Dear reader,

Welcome to the new edition of Publyon’s EU Energy and Climate Policy Update. In this bi-weekly update, Publyon provides you with the latest insights on the ‘Fit for 55’ negotiations as well as updates on the energy transition, the energy crisis and the EU’s response, including other relevant news on the EU’s climate and emissions reduction policies.

The spotlight

The spotlight

Rolling out the RED carpet: lights, camera, vote (?)

On 14 June, EU ambassadors were expected to finally find a way out of the deadlock that has blocked formal approval of the revision of the Renewable Energy Directive (RED III) over the last month. However, the vote was postponed until 16 June, as Member States needed more time to study a new proposal put forward by the Swedish Presidency to satisfy French nuclear demands.

In March, the European Parliament and the Council of the EU have already reached a political agreement on the new law, which sets mandatory targets for 2030 and beyond for the uptake of renewable energy by Member States. But French opposition has so far impeded quick approval by the Council of the EU.


Council concessions

Quick reminder: France wants a bigger role for nuclear energy, specifically nuclear-derived hydrogen in the Directive. The Swedish Presidency of the Council of the EU now hopes to satisfy French demands by adding a recital suggesting that some ammonia production plants could be excluded from the calculation of the green hydrogen target for industry. As France is a big ammonia producer, this could help it meet the green hydrogen targets in RED III.


Climate vs. Nature

With RED III approval creeping closer, campaigners and industry representatives have pointed out tensions between the energy transition and protecting nature. RED III will give Member States the mandate to set up zones, in which permitting for renewable energy installations can be carried out much faster. It raises the question whether the consequences new renewables infrastructure may have on the environment will still be adequately considered, given the time pressure.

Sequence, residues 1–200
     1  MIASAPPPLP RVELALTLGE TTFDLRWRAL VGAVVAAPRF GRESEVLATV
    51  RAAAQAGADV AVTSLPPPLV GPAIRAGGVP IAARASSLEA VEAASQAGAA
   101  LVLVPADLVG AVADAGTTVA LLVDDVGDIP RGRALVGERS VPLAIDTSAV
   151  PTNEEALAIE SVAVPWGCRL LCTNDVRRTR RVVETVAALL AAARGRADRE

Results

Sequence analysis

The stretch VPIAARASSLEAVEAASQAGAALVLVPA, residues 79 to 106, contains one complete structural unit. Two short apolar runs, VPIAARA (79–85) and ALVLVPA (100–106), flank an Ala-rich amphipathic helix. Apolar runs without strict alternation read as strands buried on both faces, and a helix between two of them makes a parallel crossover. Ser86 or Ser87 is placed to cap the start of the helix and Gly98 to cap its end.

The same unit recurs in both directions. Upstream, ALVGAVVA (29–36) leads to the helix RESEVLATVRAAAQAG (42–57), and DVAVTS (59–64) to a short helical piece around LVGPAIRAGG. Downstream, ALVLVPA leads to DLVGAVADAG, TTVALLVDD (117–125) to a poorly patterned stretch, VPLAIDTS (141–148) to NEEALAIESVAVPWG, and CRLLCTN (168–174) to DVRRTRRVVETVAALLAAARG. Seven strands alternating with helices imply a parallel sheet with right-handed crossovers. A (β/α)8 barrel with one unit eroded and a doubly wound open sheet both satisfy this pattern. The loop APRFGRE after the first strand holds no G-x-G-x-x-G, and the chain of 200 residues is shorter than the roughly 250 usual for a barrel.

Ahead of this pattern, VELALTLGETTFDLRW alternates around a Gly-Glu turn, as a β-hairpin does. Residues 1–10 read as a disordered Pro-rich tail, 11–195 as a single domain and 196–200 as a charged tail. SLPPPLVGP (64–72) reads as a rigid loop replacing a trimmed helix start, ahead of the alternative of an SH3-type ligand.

This balancing act between climate and nature is a hot topic in Brussels. The Nature Restoration Law, which includes restoration targets for ecosystems in the EU, faced a crucial vote in the Parliamentary Committee on Environment, Public Health and Food Safety (ENVI) today. Due to an impasse between the political groups, it was not possible to hold a final vote. Voting on the law will resume on 27 June. As one of the arguments for its staunch opposition to the new law, the centre-right EPP group has argued that the biodiversity protection provisions in the text risk blocking “infrastructure projects that are crucial for our climate transition”.

Can we achieve the energy transition while also protecting nature? This crucial question will have to be answered by the European institutions in the coming years. According to European Commissioner for the European Green Deal Frans Timmermans, the two go hand in hand, but not everyone seems to agree.


What’s next?

In case the EU ambassadors give their approval to the political agreement on Friday 16 June, RED III is expected to soon be voted through by the Council of the EU. After entry into force, Member States will have 18 months to transpose RED III into national law.